Facebook hinted at a brand-new feature called 3D images in May, and it is exactly what it sounds like. However, not much was stated about it other than a little video and the name. The computational photography team at the company, however, has just disclosed the research that underpins the feature’s operation, and after using it myself, I can attest that the outcomes are actually rather convincing.
Where is it?
In case you missed the teaser, 3D photographs will appear in your news feed alongside regular photos, with the exception that when you scroll by them, touch or click them, or tilt your phone, they react by changing perspective as though they were a window into a miniature diorama. It will function for common photographs of people and dogs as well as panoramas and landscapes.
I’m about as cynical as they come and it seems a little cheesy, but the effect immediately won me over. It feels more like a small magic window seeing into a time and place than a 3D model, even though that is exactly what it is due to the excellent depth illusion. This is how it seems.
What is The Real Purpose?
It’s interesting to note that the objective behind 3D images wasn’t to improve snapshots, but rather to make VR content development more accessible. All of it is synthetic, Kopf noted. Furthermore, no casual Facebook user has the skills or desire to create 3D models and populate a virtual environment.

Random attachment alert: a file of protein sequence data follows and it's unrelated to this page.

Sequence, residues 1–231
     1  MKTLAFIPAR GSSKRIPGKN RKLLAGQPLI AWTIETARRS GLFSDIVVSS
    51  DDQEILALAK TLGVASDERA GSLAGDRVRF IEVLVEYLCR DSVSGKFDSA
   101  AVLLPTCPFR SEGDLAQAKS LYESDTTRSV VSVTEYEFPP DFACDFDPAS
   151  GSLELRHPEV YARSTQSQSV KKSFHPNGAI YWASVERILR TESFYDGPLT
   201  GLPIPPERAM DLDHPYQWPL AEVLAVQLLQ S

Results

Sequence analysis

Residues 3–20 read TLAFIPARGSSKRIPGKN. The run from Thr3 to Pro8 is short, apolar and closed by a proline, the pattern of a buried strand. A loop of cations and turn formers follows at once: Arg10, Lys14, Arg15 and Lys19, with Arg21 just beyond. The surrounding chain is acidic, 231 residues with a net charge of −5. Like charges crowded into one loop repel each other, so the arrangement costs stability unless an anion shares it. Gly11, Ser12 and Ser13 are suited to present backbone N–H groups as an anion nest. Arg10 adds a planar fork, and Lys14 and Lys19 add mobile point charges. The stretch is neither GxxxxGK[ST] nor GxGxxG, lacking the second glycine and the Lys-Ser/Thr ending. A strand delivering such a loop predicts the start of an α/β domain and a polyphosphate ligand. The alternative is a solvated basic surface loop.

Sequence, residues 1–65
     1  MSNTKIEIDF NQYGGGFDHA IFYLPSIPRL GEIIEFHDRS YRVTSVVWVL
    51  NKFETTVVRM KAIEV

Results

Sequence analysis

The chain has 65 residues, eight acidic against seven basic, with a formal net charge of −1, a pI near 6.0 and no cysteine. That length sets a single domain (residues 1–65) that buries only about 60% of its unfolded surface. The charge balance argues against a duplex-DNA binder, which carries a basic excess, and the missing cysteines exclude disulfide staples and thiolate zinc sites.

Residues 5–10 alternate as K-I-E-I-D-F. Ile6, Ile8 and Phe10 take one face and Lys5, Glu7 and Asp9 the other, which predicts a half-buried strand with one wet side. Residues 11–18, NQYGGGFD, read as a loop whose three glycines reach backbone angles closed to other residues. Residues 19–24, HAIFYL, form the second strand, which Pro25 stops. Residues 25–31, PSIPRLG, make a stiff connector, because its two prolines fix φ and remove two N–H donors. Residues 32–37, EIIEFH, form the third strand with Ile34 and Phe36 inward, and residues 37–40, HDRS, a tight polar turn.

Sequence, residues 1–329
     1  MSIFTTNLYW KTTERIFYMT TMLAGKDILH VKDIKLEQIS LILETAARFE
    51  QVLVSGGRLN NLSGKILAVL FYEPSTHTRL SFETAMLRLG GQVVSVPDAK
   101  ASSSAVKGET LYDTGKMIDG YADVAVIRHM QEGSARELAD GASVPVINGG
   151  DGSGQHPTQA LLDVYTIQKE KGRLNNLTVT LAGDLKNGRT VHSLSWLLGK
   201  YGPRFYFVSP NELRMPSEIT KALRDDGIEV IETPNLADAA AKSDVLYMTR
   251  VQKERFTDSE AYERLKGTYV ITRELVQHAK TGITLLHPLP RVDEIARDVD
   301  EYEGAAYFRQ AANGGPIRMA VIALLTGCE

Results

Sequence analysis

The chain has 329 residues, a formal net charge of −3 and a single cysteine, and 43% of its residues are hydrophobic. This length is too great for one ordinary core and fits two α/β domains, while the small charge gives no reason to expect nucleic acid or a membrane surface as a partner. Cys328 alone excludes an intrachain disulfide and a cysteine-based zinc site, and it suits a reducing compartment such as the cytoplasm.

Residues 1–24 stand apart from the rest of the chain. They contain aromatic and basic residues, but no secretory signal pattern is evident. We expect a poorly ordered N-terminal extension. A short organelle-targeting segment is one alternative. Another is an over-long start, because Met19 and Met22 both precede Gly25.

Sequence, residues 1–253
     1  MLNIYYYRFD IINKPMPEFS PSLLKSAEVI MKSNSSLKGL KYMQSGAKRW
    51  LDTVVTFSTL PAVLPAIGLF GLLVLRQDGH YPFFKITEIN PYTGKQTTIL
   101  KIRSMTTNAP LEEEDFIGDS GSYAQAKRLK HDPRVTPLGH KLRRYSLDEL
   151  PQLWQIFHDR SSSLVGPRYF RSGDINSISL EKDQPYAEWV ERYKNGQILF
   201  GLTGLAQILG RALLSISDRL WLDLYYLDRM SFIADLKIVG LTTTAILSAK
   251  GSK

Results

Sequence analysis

The exception to this rule is panoramic and 360-degree imagery, which is typically broad enough to be usefully studied through VR. However, the experience is not much different from simply gazing at the picture that is floating around and printed on butcher paper. Not quite transformational. There is no sense of depth, that’s what.
How Does it Works?
The two cameras on the phone take a pair of pictures, and the gadget immediately works on its own to create a “depth map” out of them—an image that encodes the computed distance of everything in the frame. All of the major smartphone manufacturers, including Apple, Samsung, Huawei, and Google, have their own built-in systems for accomplishing this, albeit so far it has mostly been employed to produce artificial backdrop blur.
The issue with that is that the depth map that was produced lacks any sort of absolute scale; for instance, light yellow does not indicate a depth of 10 feet, whereas dark red indicates a depth of 100 feet. An photograph of a person taken a few feet to the left would show yellow representing one foot and red representing ten. If you capture more than one photo, let alone dozens or even hundreds, there won’t be any constant indicator of how far away an object actually is, making it difficult to stitch them together properly.